Crews along the Mississippi Gulf Coast began assessing damage Sunday morning after Hurricane Nate made landfall near Biloxi around 12:30 a.m.
Preliminary reports at first light Sunday morning indicated no loss of life and “minimal structural damage,” officials at the Mississippi Emergency Management Agency said. About 32,000 Mississippi customers were without power Sunday morning.
Hurricane Nate made landfall in Biloxi as a Category 1 hurricane with winds in excess of 70 miles per hour and storm surges up to 10 feet.
“We are very fortunate this morning and have been blessed,” Gov. Phil Bryant said in a news conference Sunday morning. “Some damage has been done, particularly in the area where the surge caused most of the primary damage.”
Some flooding from storm surge occurred late Saturday night and Sunday morning. Storm surge waters receded Sunday morning, revealing damage and debris along U.S. Highway 90 and in low-lying neighborhoods.
Ahead of the storm, Bryant declared a state of emergency for areas along the coast and signed an executive order authorizing the use of the Mississippi National Guard and qualifying the state for federal disaster relief funding, if needed.
Bryant, alongside representatives of MEMA, Harrison County Emergency Management and other agencies, said he has been in touch with Federal Emergency Management Agency Director Brock Long Sunday morning.
Officials Sunday morning praised efforts from local and state officials who had about three days to prepare for the storm.
“We did not dodge a bullet in Mississippi,” MEMA Director Lee Smithson said. “We got hit head on, at night, by a Category 1 hurricane. If that same storm would’ve hit us 15 years ago, we would’ve had extensive damage and loss of life. After Katrina, we rebuilt and are better now than we were in 2005.”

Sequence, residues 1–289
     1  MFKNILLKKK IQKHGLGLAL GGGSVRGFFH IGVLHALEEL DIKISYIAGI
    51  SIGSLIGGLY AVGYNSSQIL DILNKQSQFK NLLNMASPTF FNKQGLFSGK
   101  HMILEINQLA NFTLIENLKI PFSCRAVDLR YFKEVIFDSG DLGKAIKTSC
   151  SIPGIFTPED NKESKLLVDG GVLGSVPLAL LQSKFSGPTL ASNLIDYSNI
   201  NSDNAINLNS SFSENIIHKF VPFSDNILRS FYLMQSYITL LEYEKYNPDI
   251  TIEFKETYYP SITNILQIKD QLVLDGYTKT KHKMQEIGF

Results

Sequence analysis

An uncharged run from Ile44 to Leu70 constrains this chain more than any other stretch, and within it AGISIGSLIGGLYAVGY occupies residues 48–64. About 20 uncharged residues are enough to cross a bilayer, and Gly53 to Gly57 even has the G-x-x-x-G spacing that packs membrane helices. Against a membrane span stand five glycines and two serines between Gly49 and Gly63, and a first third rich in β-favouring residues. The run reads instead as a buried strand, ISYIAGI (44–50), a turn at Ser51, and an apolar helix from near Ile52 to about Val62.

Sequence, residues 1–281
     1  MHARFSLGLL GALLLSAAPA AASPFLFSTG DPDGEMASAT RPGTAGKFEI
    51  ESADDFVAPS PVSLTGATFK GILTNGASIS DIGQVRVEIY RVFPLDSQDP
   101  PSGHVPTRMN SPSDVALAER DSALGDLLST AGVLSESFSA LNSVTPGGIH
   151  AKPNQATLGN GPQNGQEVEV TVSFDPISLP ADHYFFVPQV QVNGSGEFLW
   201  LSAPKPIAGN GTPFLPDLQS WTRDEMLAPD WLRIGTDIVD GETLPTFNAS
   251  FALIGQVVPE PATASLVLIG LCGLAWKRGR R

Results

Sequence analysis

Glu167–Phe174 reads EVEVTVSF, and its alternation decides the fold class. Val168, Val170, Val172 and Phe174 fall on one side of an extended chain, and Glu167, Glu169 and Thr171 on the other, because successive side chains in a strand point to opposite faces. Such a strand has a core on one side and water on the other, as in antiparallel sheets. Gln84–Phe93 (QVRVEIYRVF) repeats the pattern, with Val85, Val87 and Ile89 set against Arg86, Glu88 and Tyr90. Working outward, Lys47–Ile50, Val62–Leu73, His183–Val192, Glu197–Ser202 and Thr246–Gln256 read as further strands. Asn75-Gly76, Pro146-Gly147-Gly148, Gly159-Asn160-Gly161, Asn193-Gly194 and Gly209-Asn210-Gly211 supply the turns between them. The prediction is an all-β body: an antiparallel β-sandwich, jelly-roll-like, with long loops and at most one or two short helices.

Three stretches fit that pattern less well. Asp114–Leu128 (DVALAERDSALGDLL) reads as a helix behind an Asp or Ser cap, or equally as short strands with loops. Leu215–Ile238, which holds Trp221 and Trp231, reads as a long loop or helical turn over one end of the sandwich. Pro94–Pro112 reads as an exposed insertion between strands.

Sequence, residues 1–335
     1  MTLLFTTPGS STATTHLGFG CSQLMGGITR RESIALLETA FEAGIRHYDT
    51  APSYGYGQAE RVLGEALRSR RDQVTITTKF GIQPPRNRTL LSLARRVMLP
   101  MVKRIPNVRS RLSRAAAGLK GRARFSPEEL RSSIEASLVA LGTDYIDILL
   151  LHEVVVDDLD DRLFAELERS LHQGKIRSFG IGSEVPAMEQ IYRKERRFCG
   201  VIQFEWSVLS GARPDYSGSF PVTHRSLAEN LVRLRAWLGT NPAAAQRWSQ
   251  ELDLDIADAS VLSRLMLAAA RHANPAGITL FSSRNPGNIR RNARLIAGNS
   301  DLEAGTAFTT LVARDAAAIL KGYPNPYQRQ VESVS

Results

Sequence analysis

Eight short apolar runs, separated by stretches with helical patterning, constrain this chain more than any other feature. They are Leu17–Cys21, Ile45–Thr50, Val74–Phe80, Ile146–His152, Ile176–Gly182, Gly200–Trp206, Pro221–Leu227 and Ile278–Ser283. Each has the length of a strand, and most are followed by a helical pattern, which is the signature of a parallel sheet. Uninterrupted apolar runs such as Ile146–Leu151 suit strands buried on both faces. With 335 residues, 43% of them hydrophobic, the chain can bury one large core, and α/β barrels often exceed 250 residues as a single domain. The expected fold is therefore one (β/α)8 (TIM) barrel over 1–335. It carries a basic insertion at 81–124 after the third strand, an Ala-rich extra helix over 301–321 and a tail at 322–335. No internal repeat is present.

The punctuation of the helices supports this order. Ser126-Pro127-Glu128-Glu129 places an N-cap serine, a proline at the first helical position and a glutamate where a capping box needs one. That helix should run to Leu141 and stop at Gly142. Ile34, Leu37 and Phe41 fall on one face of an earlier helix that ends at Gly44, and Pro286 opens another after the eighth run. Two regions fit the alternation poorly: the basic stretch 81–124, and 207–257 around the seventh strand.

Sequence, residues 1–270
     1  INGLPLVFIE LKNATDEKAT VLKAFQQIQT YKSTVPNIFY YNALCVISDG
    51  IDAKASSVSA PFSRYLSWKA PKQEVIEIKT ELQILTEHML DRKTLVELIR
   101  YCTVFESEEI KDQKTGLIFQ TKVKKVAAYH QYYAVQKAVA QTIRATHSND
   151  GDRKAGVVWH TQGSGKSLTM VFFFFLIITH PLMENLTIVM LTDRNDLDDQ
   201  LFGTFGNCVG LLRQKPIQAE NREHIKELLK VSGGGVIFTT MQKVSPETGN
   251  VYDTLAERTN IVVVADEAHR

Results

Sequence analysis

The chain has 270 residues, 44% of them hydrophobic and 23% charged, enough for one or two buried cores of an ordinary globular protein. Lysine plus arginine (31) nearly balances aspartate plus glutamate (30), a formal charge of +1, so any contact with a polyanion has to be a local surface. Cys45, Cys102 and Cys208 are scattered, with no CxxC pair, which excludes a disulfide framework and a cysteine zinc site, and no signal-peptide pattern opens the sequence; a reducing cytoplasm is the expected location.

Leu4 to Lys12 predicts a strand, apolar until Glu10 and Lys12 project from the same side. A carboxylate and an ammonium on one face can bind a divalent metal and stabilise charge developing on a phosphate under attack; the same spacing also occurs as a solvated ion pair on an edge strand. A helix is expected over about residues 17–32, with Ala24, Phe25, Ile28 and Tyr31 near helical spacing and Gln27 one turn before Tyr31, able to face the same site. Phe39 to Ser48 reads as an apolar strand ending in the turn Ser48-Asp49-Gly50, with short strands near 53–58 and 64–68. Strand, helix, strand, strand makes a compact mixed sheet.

The Mississippi Department of Transportation is clearing portions of U.S. 90 with significant sand deposits and water covering the roadway in Hancock, Harrison and Jackson counties.
“MDOT’s first responders began efforts to clear roadways as the storm moved onshore last night,” MDOT Transportation Commissioner Tom King said, in a news release. “Crews removed debris from highways as it was reported and are currently out continuing to assess damage caused by Hurricane Nate.”
On Saturday night, American Red Cross sheltered 1,198 people in 18 shelters throughout southeast Mississippi, the Sun Herald reported.
The National Hurricane Center on Friday morning had issued hurricane and storm surge warnings from Grand Isle, La. to the Alabama-Florida border.
Nate weakened considerably Sunday as it made its way northeast through Alabama. Gulf Coast and Pine Belt residents are expected to see some lingering showers from the tropical system Sunday, but additional flooding is not a concern.